Final histopathological reports revealed that 9 patients had cervical cancer. Only 3 of these 9 cases (33%) presented cervical cancer cells based on their cytology report (Table 1). The other 6 cervical cancer cases were identified by cytology result as HSIL. All 9 cases were small lesion cervical cancer, difficult to detect by colposcopic biopsy.
Correlation of LEEP histopathology and final histopathological diagnostic judgement case is presented in Table 2.
Of 129 patients with a HSIL from final diagnosis, 108 (84%) had histologically proven high-grade dysplasia while 21 (16%) had only low-grade dysplasia from LEEP biopsies. Of 82 patients with a low-grade dysplasia or none from LEEP biopsies, 21 (26%) had histologically high-grade dysplasia from colposcopic biopsies.
In this study 8 subjects had no pathologic finding from both colposcopic and LEEP biopsies. They all decided to undergo LEEP due to the indication of unsatisfactory colposcopy as shown in Table 3.
The incidence of unrecognized invasive cervical carcinoma in other studies was 0.9 to 9.6%.10-13 These reports came from cases of positive endocervical margin in LEEP or conization specimens. In the present study, 9 women (5%) who underwent LEEP had invasive cervical carcinoma although only 3 had previously been suspected of having cervical carcinoma from Pap smear results. The percentage falls into the same range and is comparable to other studies. We also found 19 positive endocervical margin cases (10%). All of them had no invasive cervical carcinoma.
Gold standard reference and cases with HSIL or higher are of major interest in this investigation. The final histopathological diagnoses were classified based on the most pathological severity either from colposcopic or LEEP biopsies. See and treat LEEP was not performed here.14-18 This explains why some colposcopic biopsy cases had more severe histopathology than LEEP biopsies.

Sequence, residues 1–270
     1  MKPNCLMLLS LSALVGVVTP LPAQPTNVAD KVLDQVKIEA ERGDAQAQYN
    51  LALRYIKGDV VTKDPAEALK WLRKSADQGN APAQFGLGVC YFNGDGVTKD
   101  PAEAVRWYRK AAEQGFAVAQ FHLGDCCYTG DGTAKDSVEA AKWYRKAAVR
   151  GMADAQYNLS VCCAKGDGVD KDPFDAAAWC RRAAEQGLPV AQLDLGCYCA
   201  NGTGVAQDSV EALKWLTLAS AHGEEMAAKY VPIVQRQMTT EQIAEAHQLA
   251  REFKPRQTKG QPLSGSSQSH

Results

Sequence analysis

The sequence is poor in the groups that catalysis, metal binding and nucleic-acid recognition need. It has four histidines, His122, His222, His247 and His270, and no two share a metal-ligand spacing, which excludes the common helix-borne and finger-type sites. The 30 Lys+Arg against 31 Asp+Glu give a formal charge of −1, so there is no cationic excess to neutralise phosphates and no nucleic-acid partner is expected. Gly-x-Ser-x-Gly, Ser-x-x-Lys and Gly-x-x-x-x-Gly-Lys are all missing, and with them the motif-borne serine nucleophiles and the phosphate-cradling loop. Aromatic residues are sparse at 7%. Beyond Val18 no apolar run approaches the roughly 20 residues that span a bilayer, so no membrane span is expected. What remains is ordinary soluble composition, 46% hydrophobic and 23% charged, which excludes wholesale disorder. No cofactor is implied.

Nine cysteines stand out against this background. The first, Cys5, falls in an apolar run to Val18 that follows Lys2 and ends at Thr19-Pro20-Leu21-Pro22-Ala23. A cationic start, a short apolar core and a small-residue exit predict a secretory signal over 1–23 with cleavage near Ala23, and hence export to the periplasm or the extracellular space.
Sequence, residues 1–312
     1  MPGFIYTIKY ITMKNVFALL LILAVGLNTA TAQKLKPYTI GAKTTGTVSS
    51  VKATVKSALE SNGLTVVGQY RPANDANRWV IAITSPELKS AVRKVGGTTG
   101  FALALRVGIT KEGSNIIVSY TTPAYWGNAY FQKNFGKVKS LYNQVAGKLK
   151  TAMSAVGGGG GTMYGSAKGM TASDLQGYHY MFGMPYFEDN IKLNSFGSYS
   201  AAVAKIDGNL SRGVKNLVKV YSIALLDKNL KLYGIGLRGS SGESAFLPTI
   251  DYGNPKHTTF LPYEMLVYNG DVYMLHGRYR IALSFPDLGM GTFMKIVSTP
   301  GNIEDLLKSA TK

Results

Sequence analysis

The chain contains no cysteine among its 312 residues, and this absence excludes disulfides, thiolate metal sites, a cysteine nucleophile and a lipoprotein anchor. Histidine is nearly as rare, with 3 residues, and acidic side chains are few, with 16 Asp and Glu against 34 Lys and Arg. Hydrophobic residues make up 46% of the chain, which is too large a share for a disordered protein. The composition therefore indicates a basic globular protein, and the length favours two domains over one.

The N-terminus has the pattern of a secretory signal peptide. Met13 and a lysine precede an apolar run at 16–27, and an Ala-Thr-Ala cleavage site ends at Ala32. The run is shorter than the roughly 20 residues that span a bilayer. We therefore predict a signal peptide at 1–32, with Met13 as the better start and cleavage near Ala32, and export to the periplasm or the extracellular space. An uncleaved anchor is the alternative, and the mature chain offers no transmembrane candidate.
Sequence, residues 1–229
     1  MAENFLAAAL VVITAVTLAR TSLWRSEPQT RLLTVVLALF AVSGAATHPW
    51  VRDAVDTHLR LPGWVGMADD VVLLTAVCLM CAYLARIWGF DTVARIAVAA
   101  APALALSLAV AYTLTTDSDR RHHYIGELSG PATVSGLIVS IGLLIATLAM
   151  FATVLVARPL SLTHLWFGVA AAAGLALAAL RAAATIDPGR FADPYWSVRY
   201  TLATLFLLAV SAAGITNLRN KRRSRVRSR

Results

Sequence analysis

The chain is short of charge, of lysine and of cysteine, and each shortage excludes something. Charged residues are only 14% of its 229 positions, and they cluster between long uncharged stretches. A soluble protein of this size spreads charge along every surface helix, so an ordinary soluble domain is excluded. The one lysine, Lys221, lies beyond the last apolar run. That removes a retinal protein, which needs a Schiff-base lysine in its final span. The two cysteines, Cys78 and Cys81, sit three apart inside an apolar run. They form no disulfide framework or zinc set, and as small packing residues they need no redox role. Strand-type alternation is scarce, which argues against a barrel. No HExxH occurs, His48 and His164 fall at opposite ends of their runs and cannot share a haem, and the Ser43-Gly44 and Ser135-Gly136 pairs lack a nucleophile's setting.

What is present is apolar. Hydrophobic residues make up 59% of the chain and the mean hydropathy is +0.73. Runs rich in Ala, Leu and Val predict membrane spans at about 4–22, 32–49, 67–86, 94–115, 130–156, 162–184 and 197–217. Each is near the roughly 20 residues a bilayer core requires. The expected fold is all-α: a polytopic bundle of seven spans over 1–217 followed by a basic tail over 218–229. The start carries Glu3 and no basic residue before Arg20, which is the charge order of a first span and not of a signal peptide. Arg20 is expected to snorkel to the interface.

When a precancerous lesion was very small, the remaining cervix would have the same or less severe pathology than that of colposcopic biopsies. This explains why overall LEEP under colposcopic vision here yielded less than perfect correlation (84.8%) with the final diagnosis.
LEEP under colposcopic vision gave 100% specificity and positive predictive value (PPV)(Table 4). Negative predictive value (NPV) is 74.4%. This negative predictive value is satisfactory for HSIL or higher cases since the disease development takes a long period of time. One can also use HPV DNA testing or liquid-based Pap smear in the follow-up of the disease.
We use final diagnosis to evaluate the concept of LEEP under colposcopic vision. An acetic acid solution (3%) was soaked in gauze and applied to the cervix to create acetowhite lesion prior to the procedure. This condition is transient. This may explain the 9 cases (5%) with positive ectocervical margin involvement.
In conclusion, 100% invasive cervical carcinoma and HSIL were diagnosed with 100 and 84.8% accuracy from this technique in correlation with the final diagnosis. LEEP under colposcopic vision is a recommended technic for ambulatory management of precancerous lesion and early diagnosis of cervical cancer. This technique significantly reduces the observed rate of positive ectocervical cone margin involvement by earlier detection.
This study was supported by Research Grant from the Faculty of Medicine, Thammasat University year 2007.